Data portability rights apply only when processing was based on the individual’s consent or on a contract. However, it does not apply to processing based on public interest or the controller’s legitimate interest.


If you’ve shared the personal data with a third party, you should inform them when the individual exercises the right to restrict processing, unless this is impossible.

Under the GDPR, it should be as easy to withdraw consent as it is to give. It is a change with regards to the Directive, which did not specifically address the idea of withdrawing consent. Now data subjects can withdraw their consent at any time, without being required to explain their decision. Note however, that this right cannot be applied to data already processed, it can only refer to future processing.

Processing children’s data is a sensitive topic, as they are identified as “vulnerable individuals” who deserve “special protection”. In the case of online services consent should be given by a person with parental responsibilities for the child. The requirement stands for children under the age of 16. Member States may be permitted to lower the age limit, but not less than 13 years old. If you offer services directly to a child, make sure all notices are drafted with their understanding in mind.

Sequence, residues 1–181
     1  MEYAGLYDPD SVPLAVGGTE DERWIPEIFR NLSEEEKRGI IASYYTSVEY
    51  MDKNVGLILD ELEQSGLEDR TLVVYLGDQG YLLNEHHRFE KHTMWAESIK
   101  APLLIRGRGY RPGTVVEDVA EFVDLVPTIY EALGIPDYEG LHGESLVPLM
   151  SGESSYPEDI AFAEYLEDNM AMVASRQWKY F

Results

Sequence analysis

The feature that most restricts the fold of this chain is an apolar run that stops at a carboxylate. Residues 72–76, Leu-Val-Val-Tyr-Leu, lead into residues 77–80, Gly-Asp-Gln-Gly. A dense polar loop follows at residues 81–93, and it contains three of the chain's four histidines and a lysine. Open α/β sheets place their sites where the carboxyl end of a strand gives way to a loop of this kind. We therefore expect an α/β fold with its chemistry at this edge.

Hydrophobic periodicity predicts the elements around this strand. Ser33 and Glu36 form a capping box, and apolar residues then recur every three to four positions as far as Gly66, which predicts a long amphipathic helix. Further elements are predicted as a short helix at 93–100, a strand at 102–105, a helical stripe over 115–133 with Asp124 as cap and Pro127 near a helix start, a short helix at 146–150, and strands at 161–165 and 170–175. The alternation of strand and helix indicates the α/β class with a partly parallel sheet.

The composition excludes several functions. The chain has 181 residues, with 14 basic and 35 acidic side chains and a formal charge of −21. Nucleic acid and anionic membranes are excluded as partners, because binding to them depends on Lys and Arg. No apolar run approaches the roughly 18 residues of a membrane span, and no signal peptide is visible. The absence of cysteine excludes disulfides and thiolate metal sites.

To note also, that even though the idea of protecting them is mentioned several times in the GDPR the final text offers few dispositions and any real restrictions will most likely come from national laws or codes of conduct. Most of the requirements regarding children’s data processing, such as parental consent, are only available in the case of online data. Offline data remains subject to the laws of each Member State.

Profiling is defined under article 4 of the GDPR as “any form of automated processing of personal data consisting of using those data to evaluate certain personal aspects relating to a natural person, in particular to analyze or predict aspects concerning that natural person’s performance at work, economic situation, health, personal preferences, interests, reliability, behavior, location or movements.”

Generally, profiling consists of three elements: it is an automated form of processing, it concerns personal data and its purpose is to evaluate personal aspects about a natural person. The individual has the right to refuse profiling. There are a few special cases where automated decisioning is permitted, such as when the process is authorized by law or regulation within a Member State or when it is necessary for entering into a contract between the data subject and the data controller or if it is based on explicit consent. In the case of contractual agreement, the controller has to implement measures that protect the rights of the individuals. For example, individuals should be allowed to express their point of view, to obtain information about the decision that has been reached based on the profiling and of course, the right to contest this decision.